Day 16. What Rules? What Road?

Planning doesn’t work particularly well here on the playa. In fact, today it doesn’t work all. I’ve signed up for a couple of morning chores at my camp, and after dutifully completing them, I have this idea to go spend the hot middle of the day checking out four events found in the program, instead of napping or laying in the shade like I’ve done the previous two afternoons.

I down a breakfast of scrambled eggs mixed with salt and vinegar potato chips (delicious, you should try it) and get on my trusty bike filled with enthusiasm for the day ahead. It’s a great mix I’ve selected. First, I’m going to go get a facial. Then, it’s off to a camp serving ice cream cones. How cool is that. Then I’m going get a reading to find out what my spirit animal is and finish it all off with a henna tattoo.

Except the facial-giving camp informs me they are doing facials tomorrow, not today, and I must have read the booklet wrong. I’m totally welcome to have a seat and chill for awhile though ….  I sit awkwardly for a few minutes, certain I have read the booklet correctly, before giving up and moving on.

The ice cream camp turns out to be demonstrating how to make ice cream with liquid nitrogen, which is not only cool but like minus 100 degrees cold. The camp is filled with many if not most of the children at Burning Man, and their parents, and my odds of getting an ice cream cone appear to be slim to none. I mean what kind of adult pushes little kids aside to get ice cream? I consider pushing aside a few of their parents, but my better nature triumphs and I move on.

The spirit animal man gets his wisdom from turning over a deck of special cards, and I have the misfortune to show up right before a group of eight others. Flustered, he rushes through me, and I’m not sure if it’s a lizard, koala bear, or wolf I share a kinship with but I do get that I need to be following my dreams while having a plan B. Okay. I could have told him that, but I try to put sincerity into my thank you.

I spend about half an hour trying to find the henna tattoos, located at 4:00 in center camp. (Later I learn the Center Camp area has its own clock system unrelated to the main roads.) Hot and cranky, I finally give up.  This has certainly turned into a shitty day.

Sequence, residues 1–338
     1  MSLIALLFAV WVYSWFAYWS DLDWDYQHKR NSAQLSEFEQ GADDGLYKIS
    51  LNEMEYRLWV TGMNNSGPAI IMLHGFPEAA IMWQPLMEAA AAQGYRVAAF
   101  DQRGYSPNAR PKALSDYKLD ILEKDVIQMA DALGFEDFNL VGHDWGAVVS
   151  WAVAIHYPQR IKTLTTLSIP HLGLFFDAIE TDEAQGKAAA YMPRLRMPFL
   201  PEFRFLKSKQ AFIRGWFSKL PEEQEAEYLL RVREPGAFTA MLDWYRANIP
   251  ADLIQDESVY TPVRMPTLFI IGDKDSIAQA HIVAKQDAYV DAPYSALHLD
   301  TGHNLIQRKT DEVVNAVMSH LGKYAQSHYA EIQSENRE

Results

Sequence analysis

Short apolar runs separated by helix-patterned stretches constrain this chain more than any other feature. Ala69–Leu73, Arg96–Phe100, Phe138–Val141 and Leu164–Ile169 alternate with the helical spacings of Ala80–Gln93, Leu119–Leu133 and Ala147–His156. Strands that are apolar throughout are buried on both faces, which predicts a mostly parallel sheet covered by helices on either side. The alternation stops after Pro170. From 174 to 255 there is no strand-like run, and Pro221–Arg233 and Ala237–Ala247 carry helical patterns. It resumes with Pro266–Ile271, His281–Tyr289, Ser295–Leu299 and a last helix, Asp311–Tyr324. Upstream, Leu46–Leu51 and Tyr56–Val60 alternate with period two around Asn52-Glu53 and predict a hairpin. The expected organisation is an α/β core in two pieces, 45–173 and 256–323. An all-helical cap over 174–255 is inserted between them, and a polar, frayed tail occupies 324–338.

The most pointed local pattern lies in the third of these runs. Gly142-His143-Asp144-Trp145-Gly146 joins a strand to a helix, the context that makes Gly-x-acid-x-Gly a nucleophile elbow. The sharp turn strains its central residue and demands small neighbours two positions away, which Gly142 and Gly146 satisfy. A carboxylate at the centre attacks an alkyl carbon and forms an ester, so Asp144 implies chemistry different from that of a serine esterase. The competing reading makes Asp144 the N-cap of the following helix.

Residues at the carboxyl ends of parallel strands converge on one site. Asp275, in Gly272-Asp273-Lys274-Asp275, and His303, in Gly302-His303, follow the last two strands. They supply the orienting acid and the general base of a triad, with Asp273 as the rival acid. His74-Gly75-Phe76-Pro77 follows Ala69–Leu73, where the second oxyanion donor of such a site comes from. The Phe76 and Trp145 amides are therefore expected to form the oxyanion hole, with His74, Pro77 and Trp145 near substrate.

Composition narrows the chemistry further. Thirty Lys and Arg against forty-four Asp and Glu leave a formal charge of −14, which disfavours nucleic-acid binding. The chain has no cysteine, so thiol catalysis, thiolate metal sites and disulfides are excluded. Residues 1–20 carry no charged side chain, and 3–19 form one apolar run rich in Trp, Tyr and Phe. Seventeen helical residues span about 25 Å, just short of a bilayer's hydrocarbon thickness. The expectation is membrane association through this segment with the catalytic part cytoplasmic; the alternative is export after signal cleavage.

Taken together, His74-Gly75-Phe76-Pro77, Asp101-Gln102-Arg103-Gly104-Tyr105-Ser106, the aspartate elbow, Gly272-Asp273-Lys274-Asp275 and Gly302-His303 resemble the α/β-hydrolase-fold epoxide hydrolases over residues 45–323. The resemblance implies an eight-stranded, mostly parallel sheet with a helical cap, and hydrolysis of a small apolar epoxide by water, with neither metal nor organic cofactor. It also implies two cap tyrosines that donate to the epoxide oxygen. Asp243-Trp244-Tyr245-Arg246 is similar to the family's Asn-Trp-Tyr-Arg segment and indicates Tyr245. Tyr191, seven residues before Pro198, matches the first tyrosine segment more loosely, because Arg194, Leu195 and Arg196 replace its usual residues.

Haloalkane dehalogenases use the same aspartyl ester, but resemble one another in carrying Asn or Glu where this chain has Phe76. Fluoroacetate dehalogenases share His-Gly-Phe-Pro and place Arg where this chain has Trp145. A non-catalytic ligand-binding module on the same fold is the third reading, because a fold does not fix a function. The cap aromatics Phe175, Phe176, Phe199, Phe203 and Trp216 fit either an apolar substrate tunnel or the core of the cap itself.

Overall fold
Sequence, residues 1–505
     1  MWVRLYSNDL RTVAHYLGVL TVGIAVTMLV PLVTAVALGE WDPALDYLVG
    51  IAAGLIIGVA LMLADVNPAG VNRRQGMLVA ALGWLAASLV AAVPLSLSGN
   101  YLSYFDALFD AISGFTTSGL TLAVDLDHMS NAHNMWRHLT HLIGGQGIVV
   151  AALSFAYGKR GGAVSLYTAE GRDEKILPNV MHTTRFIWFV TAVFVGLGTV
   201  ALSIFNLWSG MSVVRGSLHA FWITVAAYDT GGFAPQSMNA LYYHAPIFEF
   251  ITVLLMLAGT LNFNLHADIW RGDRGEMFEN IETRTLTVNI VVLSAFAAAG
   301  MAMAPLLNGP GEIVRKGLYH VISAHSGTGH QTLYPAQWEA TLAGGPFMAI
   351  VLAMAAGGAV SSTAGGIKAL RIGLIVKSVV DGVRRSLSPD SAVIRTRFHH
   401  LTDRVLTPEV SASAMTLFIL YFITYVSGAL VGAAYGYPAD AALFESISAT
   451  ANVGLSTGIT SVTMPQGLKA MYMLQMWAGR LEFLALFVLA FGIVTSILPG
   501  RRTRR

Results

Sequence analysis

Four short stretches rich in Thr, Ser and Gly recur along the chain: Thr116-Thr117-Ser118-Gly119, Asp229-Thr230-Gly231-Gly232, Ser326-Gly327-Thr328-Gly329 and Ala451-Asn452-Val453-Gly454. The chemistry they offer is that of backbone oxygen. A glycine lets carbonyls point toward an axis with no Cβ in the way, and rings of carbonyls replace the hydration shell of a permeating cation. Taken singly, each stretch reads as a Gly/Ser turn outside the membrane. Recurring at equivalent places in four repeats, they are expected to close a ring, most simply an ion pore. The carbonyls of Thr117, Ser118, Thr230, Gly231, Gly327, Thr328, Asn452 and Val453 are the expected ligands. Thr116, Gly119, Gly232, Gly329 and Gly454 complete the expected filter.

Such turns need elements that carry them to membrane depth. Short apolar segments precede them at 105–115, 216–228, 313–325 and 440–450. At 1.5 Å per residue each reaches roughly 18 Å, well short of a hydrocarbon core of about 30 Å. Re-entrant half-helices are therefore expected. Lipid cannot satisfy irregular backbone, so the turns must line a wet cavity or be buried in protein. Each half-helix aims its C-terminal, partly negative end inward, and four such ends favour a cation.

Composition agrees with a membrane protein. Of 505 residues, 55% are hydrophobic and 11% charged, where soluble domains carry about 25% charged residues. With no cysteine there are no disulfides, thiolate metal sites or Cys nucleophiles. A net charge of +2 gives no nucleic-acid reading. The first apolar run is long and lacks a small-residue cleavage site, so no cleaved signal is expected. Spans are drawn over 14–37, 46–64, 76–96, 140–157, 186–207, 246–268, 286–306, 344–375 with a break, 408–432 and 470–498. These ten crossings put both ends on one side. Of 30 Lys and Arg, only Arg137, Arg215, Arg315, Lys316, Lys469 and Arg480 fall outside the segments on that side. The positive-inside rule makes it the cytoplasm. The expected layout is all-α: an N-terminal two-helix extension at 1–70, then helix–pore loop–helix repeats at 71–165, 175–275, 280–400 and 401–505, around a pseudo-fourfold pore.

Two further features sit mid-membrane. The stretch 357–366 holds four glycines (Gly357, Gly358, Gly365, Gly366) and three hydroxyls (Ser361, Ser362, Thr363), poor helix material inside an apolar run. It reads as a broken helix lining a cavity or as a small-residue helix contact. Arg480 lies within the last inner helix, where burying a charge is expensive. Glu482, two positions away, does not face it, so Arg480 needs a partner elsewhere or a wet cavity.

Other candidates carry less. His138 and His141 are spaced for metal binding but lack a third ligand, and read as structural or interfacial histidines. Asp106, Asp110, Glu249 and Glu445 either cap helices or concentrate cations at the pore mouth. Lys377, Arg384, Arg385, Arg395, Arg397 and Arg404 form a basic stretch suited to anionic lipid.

Then I stumble upon friends and next thing I know I’m on an art car with some sort of south seas theme. It takes us to a memorabilia-filled tiki bar tucked into a bus and I’m drinking rum drinks and talking to a psychiatrist about phobias when I meet an older burner at the bar who’s been doing this since the early 90’s and he kisses my hand and suddenly I feel so welcome here.

But there’s no time to linger. The person I’m closest to has friends getting married at sunset and he’s realized it’s getting late. Suddenly I’m following him on my bike, pedaling as fast as I can to catch up with a bridal procession that is heading out towards the temple.

“She’s a trained opera singer,” he whispers to me as we get off our bikes and the bride, dressed in a sort of Victoria’s Secret corset, picks up a guitar and prepares to sing. The setting sun glitters off of the groom’s grey and black sequined tux as he listens to his beloved’s song of love. I think I have never attended such a beautiful ceremony. This has certainly turned into a fantastic day.

Do I have a rule of the road to glean from today’s experience. I suppose I do, but I’m more inclined to say “What rules? What road?”

I do have a song for the day, though. Lights and Music. It captures the sound that accompanies me across this magical desert.  Enjoy it at the end of this post.

Once the wedding party starts dancing, I head out to the deeper playa, to enjoy the art that comes alive in the dark. I wander around for hours, marveling at how fast things change, and wondering why the nice folks that put this shindig together even bothered to print up a booklet listing the events.

Maybe they do it just because they have a sense of humor.

Day 4: Bloom here

That has got to be rule four. Be here now. Bloom where you are planted, even if you are planted here along the Mississippi River for only four days.

I’ve spent two nights at my sisters and have two more nights to go. This is the longest stop of my 28 day journey, save one, and half of my brain at least is already worrying about the trip ahead, checking on reservations, considering needed supplies. No, I tell myself. Stop it. Just stop it.

This is precious time. The river is wonderful, the company irreplaceable. I settle back into my seat on the boat. Is there a song for this? Of course there is.  Here it comes, live from all the way back in 1969.